NEW YORK — The feature film “CODA,” which won three Oscars, just captured another accolade: a Christopher Award from the Christophers, which annually honors the best in uplifting and edifying movies, television programs and books.
Also among the winners was “The Waltons: Homecoming,” both a reboot and a prequel to the long-running 1970s family drama.
Another remake, “All Creatures Great and Small,” which aired on PBS’ “Masterpiece” drama anthology, captured the Christopher Spirit Award.
“Encanto,” the popular Disney animated film about each person having inherent worth regardless of their skills, was a winner, as was “Francesco,” a profile of Pope Francis and his efforts to bring the message of human dignity to the world by shining a light in places where political, social, economic and religious injustices are occurring.
“After the hardships we’ve endured in the last two years, we need stories of hope, light, and unity to lift our spirits and guide us toward a brighter path,” said a statement from Tony Rossi, the Christophers’ director of communications.
The Christopher Awards, now in their 73rd year, celebrate writers, producers, directors, authors and illustrators whose work “affirms the highest values of the human spirit” and reflects the Christopher motto, “It’s better to light one candle than to curse the darkness.”
Scottish veterinarian James Alfred Wight, who moved to England for his first full-time vet job, chronicled his patients and their owners, adopting the pen name James Herriot, for “All Creatures Great and Small,” from which two TV series have been adapted.
“At a time when our modern world is roiled by war, disease and division, the stories in ‘All Creatures Great and Small’ remind us of life’s most important lessons: the bonds of community, the power of humor, the hope and resilience required to overcome struggles, the sacrifices we are called to make for a greater good, and the love that allows us to see the best in the people around us,” said the Christopher Awards judges in giving the new series the Spirit Award.
In “CODA,” which won Oscars for Best Picture, Best Adapted Screenplay and Best Supporting Actor for Troy Kotsur, the only hearing member of a deaf family must choose between helping her parents and brother run their fishing business or pursuing her dream of becoming a singer.
A similar plot runs through “The Waltons: Homecoming,” which aired on The CW. In Depression-era Virginia, 17-year-old John Boy feels torn between supporting his large family or pursuing his dream of being a writer.
Besides “The Waltons,” other TV, cable and streaming honorees were:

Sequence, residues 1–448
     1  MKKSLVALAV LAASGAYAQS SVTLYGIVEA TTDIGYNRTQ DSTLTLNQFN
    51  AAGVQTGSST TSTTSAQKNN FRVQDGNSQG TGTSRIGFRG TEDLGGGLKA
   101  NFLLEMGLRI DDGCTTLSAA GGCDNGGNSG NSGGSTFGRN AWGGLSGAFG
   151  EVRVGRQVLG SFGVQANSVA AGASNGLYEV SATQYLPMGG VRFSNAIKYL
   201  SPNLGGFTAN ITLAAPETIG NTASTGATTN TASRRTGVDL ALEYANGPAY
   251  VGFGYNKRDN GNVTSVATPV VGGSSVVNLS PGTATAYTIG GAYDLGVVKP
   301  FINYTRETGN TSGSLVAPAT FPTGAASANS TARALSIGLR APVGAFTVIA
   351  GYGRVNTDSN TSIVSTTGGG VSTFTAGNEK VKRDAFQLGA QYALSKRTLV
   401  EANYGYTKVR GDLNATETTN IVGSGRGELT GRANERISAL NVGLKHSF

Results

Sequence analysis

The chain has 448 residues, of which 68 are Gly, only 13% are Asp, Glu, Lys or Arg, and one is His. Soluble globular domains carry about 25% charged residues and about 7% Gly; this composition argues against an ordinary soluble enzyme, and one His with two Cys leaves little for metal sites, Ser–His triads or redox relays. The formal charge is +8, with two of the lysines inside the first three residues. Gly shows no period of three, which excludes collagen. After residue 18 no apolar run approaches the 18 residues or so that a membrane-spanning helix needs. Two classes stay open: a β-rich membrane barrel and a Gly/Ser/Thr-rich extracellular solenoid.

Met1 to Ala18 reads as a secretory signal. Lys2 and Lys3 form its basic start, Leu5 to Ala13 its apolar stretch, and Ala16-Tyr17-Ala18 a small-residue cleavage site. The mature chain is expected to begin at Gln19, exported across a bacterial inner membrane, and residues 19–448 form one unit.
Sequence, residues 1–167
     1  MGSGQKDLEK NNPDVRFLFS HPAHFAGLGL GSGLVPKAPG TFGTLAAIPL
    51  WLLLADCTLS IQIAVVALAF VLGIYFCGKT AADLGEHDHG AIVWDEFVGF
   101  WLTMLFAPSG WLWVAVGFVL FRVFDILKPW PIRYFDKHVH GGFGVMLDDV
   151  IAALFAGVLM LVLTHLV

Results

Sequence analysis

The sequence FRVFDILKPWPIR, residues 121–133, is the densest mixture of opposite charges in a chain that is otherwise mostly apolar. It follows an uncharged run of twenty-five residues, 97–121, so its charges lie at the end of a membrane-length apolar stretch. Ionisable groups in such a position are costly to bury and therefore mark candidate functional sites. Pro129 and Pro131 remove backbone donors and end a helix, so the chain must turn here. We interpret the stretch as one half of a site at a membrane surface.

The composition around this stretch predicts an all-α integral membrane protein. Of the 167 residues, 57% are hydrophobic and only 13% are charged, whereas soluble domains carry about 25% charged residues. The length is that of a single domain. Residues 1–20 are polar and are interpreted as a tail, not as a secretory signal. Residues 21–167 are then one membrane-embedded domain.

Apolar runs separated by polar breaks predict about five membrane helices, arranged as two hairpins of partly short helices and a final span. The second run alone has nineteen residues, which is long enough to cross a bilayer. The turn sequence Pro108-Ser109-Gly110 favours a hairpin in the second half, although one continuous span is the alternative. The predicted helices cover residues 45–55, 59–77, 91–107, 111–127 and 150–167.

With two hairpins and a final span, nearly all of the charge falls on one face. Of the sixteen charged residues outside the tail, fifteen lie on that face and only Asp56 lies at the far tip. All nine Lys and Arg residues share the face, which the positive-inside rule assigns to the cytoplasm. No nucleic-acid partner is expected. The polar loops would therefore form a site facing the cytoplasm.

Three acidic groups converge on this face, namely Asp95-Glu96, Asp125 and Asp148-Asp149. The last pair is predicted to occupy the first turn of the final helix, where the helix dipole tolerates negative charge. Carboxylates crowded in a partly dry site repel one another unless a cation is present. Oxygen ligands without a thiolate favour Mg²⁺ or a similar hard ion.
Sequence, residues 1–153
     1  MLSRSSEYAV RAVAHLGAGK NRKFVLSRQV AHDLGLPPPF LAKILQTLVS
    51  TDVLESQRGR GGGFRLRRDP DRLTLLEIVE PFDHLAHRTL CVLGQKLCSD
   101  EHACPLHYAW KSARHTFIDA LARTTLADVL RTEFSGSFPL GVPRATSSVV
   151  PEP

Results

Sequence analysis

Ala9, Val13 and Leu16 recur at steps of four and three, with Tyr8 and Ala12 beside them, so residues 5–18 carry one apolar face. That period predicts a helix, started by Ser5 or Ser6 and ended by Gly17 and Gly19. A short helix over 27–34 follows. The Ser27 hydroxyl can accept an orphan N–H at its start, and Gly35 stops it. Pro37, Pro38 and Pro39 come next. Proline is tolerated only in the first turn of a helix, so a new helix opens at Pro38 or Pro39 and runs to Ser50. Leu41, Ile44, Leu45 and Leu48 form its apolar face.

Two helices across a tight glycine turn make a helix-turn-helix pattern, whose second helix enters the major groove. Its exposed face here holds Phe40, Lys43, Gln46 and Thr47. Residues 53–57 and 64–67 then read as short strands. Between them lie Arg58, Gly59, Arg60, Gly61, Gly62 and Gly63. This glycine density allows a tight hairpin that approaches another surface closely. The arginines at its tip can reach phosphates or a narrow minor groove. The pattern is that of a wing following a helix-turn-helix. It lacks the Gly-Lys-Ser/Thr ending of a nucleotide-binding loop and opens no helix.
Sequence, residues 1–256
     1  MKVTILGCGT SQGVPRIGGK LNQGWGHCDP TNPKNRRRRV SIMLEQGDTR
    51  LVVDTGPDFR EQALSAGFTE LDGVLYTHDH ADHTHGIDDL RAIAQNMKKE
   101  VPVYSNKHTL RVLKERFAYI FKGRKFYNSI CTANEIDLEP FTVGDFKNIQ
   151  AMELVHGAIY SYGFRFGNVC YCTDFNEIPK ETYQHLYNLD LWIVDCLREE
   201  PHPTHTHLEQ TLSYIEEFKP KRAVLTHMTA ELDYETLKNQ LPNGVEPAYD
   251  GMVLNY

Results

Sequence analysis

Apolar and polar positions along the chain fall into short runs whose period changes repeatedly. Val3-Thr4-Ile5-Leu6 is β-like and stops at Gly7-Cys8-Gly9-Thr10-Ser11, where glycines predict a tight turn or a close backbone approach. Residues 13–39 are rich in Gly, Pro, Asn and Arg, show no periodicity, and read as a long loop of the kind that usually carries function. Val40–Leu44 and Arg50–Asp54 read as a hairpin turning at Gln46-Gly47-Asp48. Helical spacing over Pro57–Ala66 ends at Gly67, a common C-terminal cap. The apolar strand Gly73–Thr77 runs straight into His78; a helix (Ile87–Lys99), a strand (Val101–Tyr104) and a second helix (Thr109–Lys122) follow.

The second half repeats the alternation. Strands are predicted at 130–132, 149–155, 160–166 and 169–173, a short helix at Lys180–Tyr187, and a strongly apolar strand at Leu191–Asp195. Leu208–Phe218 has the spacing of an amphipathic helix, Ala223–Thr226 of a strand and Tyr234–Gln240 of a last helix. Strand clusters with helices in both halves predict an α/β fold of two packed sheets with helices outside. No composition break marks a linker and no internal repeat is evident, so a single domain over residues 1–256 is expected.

— “Aly Raisman: Darkness to Light,” which follows the Olympic gold medalist as she meets fellow sexual abuse survivors and learns about their trauma, pursuit of justice and ongoing journey toward healing.
— “Amen-Amen-Amen,” which tells the story behind the first Jewish community formed in a Muslim country (Dubai) in centuries, and the historic gift of a Torah scroll dedicated to the memory of an Arab-Muslim ruler.
— “The House That Rob Built,” which explores the legacy of Rob Selvig, the University of Montana’s women’s basketball coach, who turned his team into a model of inclusion and empowerment at a time when gender discrimination was the norm.
— “Lidia Celebrates America: Overcoming the Odds,” in which chef Lidia Bastianich meets resilient Americans who have faced extraordinary challenges, found purpose in serving their communities and turned their losses into accomplishments.
— “Robin Roberts Presents: Mahalia,” a biopic profiling gospel music legend Mahalia Jackson, who became an international success and sang at civil rights rallies in hopes that her music would inspire racial equality.
Six books for adults were chosen for Christopher Awards: “The Agitators” by Dorothy Wickenden; “Every Deep-Drawn Breath” by Dr. Wes Ely; “Facing the Mountain” by Daniel James Brown; “High Conflict” by Amanda Ripley; ” Learning to Pray” by Jesuit Father James Martin; and “Ordinary Heroes” by retired New York City Fire Department Chief Joseph Pfeifer.
Likewise, six books for young readers were honored: “The Boy Who Loved Everyone” by Jane Porter and illustrated by Maisie Paradise Shearring, preschool and up; “10 Hidden Heroes” by Mark K. Shriver and illustrated by Laura Watson, kindergarten and up; “Dancing with Daddy” by Anitra Rowe Schulte and illustrated by Ziyue Chen, ages 6-up; “Pigskins to Paintbrushes” by Don Tate, ages 8-up; “The Elephant in the Room” by Holly Goldberg Sloan, ages 10 and up; and “The Happiest Man on Earth” by Eddie Jaku, young adult. Jaku died recently at age 101.